What this appears to boil down to is a startup developing apps that make use of those lovely datasets that Osborne is about to set "free".

Who knows, the Silicon Roundabout could yet give birth to a company that Microsoft might eventually want to buy. Or, more ambitiously, the very same "tech hub" could debut a fondleslab powerhouse of which none other than Steve Jobs RIP would be envious.

Data from the Met Office and the Land Registry, it's hoped, will lead the way.

In essence, some of our data is being offloaded to the private sector to help boost the frankly dire economy. Osborne's mantra actually appears to be: "There's an app for that".

It might be argued that the chancellor is being deadly strategic with his plans. Medical research could be improved via this method, courtesy of what the Cabinet Office is describing as a "world-first data service".

There are also plans to improve business logistics and commuting by introducing realtime monitoring of trains and buses on almost every road in the UK.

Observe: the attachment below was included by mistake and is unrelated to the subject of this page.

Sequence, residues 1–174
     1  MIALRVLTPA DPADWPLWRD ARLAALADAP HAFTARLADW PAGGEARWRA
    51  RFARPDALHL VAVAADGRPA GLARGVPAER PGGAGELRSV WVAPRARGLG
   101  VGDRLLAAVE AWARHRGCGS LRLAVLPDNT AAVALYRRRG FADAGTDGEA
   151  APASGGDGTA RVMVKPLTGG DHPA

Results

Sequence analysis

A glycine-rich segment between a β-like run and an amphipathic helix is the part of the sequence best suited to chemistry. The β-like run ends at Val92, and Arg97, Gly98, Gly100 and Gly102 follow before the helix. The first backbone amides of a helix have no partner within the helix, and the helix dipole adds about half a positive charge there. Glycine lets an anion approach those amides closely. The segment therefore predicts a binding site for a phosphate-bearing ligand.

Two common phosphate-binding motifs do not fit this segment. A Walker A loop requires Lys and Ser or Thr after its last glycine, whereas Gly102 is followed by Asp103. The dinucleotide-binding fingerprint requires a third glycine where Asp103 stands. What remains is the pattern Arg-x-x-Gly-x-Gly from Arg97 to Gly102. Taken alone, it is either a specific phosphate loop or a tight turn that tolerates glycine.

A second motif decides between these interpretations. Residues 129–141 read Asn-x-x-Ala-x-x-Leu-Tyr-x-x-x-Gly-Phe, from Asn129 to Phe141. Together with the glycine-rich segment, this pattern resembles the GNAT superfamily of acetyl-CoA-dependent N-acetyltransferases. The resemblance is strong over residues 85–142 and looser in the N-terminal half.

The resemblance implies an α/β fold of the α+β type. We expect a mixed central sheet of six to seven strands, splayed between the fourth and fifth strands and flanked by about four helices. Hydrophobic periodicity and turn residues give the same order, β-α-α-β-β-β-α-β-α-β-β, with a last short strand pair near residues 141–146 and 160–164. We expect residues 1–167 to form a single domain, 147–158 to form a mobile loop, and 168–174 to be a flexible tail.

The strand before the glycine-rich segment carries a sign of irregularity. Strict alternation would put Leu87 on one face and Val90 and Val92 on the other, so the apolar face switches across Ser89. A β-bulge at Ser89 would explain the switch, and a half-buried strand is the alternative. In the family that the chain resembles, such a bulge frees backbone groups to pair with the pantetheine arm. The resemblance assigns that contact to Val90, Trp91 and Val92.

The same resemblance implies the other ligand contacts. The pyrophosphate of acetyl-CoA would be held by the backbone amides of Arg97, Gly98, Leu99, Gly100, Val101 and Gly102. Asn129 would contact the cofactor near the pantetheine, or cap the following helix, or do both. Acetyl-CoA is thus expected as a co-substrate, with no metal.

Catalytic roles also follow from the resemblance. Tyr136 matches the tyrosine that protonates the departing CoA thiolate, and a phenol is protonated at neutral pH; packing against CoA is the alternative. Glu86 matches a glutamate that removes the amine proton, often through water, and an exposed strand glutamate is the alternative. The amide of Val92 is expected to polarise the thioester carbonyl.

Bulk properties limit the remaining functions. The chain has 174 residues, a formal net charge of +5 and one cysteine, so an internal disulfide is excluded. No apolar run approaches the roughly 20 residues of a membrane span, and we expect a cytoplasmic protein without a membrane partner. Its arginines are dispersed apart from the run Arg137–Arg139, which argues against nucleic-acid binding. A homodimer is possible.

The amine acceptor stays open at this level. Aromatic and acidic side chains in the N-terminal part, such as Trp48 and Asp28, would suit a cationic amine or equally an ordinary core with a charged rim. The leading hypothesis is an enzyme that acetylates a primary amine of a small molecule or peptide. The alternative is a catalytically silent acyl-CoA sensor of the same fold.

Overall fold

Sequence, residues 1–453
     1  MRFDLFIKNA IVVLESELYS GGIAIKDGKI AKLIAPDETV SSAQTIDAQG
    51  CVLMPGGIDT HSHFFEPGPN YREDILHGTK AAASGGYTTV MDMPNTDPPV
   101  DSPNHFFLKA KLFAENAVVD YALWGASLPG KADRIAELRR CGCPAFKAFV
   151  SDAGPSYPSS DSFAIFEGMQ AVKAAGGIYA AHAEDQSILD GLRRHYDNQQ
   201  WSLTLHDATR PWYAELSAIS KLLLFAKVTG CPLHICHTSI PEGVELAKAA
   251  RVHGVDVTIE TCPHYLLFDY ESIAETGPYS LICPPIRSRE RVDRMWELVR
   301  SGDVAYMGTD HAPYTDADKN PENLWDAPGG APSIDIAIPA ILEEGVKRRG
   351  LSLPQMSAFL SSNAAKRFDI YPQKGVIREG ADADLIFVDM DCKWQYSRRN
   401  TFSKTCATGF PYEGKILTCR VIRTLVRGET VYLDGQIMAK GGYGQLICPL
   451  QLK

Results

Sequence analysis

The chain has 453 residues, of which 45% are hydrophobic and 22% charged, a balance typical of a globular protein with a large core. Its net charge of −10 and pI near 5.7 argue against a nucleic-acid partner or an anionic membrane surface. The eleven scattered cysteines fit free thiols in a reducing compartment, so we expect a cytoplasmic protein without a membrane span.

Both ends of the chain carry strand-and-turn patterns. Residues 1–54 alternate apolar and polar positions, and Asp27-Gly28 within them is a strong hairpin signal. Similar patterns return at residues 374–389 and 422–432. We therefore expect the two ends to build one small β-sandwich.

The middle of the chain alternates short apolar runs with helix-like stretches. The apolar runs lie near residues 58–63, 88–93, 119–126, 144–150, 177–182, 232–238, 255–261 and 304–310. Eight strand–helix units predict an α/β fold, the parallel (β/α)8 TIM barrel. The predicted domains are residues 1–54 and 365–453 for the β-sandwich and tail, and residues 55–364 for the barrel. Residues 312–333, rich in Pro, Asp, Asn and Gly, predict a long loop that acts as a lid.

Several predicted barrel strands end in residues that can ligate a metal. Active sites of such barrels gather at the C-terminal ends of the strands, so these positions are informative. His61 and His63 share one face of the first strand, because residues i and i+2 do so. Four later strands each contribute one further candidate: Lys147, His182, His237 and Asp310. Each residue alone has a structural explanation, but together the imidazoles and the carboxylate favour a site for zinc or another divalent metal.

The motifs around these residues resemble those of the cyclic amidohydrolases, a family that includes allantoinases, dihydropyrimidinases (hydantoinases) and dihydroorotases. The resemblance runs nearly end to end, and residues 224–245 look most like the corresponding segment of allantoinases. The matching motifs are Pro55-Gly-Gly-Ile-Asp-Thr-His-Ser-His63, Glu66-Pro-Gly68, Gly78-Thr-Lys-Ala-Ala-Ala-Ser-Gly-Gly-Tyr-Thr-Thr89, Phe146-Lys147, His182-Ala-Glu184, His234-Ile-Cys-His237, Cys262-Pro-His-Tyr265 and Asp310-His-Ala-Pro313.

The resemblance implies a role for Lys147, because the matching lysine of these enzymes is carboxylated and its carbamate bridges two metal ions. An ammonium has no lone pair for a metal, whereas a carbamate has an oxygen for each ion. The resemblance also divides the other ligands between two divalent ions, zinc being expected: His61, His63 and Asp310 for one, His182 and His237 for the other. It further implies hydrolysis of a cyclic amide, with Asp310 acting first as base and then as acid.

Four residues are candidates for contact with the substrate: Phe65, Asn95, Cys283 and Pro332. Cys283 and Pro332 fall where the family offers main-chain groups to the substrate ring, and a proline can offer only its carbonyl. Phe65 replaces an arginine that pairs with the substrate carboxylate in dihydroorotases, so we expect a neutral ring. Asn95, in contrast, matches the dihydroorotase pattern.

All well and good, perhaps. But an internet veteran is required to do a lot of the hand-holding with the 600 or so hairdressers, bars and actual startups that now occupy the Silicon Roundabout.

It would seem those same outfits won't be getting their hands on the very grown up healthcare datasets to be released by the government, which we are assured contain "detailed" yet "anonymised information on patients".

For now, Osborne and co wants Tech City - as Whitehall prefers to call it - to concentrate on the weather, house prices and transport to help kickstart the economy. Some of that data will be released under free licence terms, while others will need to be unlocked by developers who first agree to the "conditions" laid out in the Open Government Licence under commercial re-use.

Stay tuned. We'll have more for you later today. ®

SANS - Survey on application security programs

More from The Register

next story
Did a date calculation bug just cost hard-up Co-op Bank £110m?
And just when Brit banking org needs £400m to stay afloat